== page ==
A few of the nation’s largest auto insurance companies have temporarily stopped accepting new clients who own certain types of Kias and Hyundais because of security flaws that make the vehicles vulnerable to theft.
A spokesperson for State Farm said the company for the time being will not approve new customer applications in some states for certain models and trims of Hyundai and Kia because theft losses have increased dramatically.
“This is a serious problem impacting our customers and the entire auto insurance industry,” the company said.
The spokesperson said State Farm has a responsibility to manage risk and the impact of excessive claim costs on customers, saying the company needed to take action to protect its business and policyholders.
CNN and other news outlets have reported that Progressive also isn’t approving any new policies for people who own Kias and Hyundais that officials have identified as containing security defects.
Kia and Hyundai thefts have skyrocketed in Dayton and in some other U.S. cities after viral videos circulated online showing that certain models that have insert keys can be easily hijacked and started using a basic USB cable.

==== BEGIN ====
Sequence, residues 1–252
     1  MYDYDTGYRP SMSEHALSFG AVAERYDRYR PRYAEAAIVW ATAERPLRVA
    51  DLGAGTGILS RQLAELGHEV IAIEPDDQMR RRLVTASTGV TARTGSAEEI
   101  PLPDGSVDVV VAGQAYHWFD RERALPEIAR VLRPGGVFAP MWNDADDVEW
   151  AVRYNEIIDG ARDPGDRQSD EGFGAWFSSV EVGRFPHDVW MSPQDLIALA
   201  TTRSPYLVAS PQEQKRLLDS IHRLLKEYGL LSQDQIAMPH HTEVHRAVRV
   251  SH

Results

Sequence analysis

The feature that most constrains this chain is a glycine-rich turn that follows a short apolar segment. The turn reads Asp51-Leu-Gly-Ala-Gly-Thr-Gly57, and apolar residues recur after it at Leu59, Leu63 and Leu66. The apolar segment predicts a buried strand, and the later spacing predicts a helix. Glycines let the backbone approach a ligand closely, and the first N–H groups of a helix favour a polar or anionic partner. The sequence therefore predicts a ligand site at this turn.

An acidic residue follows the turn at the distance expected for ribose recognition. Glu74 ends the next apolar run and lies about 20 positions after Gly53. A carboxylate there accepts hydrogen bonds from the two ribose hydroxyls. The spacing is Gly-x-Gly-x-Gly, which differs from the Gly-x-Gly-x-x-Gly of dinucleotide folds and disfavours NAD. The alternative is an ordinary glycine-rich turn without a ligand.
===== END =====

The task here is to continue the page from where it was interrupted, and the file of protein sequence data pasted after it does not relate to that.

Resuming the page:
Dayton police said in roughly the first eight months of 2022, they received 182 reports of Kias and Hyundais being stolen or entered by thieves who tried steal the vehicles, up 658% from 2021.
Overall, vehicle theft in Dayton was up 83% in 2022. It has continued this month, as Dayton police say thieves stole or tried to steal 67 cars between Jan. 2 and 8 alone.
Insurance fraud is a crime that everyone ends up paying for, said Matthew Smith, executive director of the Coalition Against Insurance Fraud.
The cost of these crimes is passed onto insurance consumers through higher premiums, officials said.
The Coalition Against Insurance Fraud, the National Insurance Crime Bureau and the International Association of Special Investigation Units recently sent a letter to YouTube urging the company to remove all videos on its platform that provide instructions on how to steal these vehicles.
Dayton police have urged people who own impacted Kias and Hyundais to obtain car alarms and immobilizers to limit the chance of theft.
The vehicles at high risk of theft have physical keys that are inserted into the ignition and were manufactured since 2011 for Kias and since 2015 for Hyundais.
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